How the Zebra Got Its Stripes (Little Golden Book)
Format: PDF / Kindle (mobi) / ePub
As a group of African animals hang out at the local watering hole, they share funny stories about how the zebra got its stripes. At the end of the book, fun facts explain why zebras really have stripes. For any child intrigued by zebras, this colorful, informative book is a must!
Copyright © 2002 by Random House, Inc. All rights reserved. Published in the United States by Golden Books, an imprint of Random House Children's Books, a division of Random House, Inc., 1745 Broadway, NY 10019. Originally published in the United States by Golden Books Publishing Company, New York, in 2001. Golden Books, A Golden Book, A Little Golden Book, the G colophon, and the distinctive gold spine are registered trademarks of Random House, Inc. goldenbooks.com randomhouse.com/kids
Library of Congress Catalog Card Number: 2001090911 ISBN: 978-0-307-98870-6 eBook ISBN: 978-0-385-37487-3 v3.1 Copyright Title Page First Page “Greetings, nature lovers! I’m Professor Linus Pinstripe on the trail of a mystery: How did the zebra get its stripes? “I’m here at a local watering hole on the plains of Africa with some talkative creatures that say they know the answer. Please tell us what you know, Giraffe.” “Long ago,” said Giraffe, “there were two kinds of
zebras—the all-white kind and the all-black kind. The Black zebras could hide in the shadows when the lions came around. But the black zebras roasted in the hot sun. The white zebras felt cool, but they stood out like targets for the hungry lions.” “The zebras went to Wise Baboon for help. He gave the white zebras black paint. And he gave the black zebras white paint. Then the zebras went off to paint themselves. “Now the once-black zebras felt cool, but they were targets for lions. And the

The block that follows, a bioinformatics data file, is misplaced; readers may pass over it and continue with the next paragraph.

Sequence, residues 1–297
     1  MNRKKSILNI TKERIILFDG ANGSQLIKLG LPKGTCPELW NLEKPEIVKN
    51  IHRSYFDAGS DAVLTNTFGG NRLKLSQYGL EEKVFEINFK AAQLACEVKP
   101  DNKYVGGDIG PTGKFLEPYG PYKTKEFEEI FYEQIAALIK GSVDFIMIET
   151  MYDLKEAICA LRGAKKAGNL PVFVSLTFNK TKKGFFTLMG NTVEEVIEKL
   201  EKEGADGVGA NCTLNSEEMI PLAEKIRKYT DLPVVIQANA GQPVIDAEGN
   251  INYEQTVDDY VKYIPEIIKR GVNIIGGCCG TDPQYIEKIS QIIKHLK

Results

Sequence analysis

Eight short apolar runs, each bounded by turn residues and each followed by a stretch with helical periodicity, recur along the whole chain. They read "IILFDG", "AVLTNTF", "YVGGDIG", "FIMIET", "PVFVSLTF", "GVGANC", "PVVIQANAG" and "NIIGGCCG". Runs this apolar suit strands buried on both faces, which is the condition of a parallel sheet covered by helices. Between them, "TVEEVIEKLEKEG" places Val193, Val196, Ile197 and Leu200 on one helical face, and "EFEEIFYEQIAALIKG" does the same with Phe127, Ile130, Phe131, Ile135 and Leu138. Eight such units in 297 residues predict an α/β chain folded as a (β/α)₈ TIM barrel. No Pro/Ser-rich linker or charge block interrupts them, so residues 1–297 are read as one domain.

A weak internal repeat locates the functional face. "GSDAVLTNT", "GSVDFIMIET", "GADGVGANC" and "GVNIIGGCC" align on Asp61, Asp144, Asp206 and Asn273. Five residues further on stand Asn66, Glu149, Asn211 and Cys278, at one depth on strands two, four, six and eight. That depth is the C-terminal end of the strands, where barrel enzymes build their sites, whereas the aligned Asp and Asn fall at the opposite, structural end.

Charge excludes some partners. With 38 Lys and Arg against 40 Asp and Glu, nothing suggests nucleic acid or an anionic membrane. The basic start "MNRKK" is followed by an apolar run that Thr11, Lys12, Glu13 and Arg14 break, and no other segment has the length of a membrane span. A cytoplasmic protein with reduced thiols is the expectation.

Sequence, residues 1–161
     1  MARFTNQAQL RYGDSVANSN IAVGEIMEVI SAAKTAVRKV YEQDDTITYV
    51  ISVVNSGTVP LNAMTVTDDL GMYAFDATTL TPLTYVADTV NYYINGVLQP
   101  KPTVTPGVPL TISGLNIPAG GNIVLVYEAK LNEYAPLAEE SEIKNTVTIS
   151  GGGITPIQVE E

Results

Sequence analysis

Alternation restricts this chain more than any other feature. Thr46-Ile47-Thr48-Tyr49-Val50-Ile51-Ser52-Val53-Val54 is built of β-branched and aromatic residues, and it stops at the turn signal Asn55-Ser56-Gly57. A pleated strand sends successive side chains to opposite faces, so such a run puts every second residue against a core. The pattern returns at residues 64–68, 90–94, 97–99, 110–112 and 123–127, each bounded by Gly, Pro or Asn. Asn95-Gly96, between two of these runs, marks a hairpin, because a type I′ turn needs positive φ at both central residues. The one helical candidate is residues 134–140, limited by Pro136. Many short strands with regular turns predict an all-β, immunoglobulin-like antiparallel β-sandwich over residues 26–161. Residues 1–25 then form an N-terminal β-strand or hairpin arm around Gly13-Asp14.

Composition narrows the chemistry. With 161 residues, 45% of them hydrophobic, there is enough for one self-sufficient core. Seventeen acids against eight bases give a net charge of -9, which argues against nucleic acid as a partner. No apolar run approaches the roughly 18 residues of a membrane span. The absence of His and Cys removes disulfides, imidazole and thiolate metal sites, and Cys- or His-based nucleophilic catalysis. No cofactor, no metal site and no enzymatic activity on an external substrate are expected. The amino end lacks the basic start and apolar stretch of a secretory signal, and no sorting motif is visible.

STRIPES No one really knows how the zebra got its stripes—or why! The stripes probably help the zebra hide. Like a giraffe’s spots or a soldier’s camouflaged uniform, the zebra’s stripes blur the shape of its body. ARE YOU THERE, OR ARE YOU AIR? Zebras are easy to see up close, of course. But when a lion or a leopard sees a zebra from far away, in the early morning or early evening light, the zebra’s stripes look like wavy lines. These lines look like heat rising from the ground instead
of a zebra. CONFUSING MOVES The zebra’s stripes also help confuse a lion when it’s choosing a zebra for dinner. As the lion moves in for the attack, a group of zebras rushes toward the lion. Suddenly, all the lion sees are stripes, not the zebra it wanted! NO TWO ALIKE! There may be another reason for the zebra’s stripes: to allow zebras to recognize one another in large herds. Each zebra’s striped pattern is as one-of-a-kind as a fingerprint!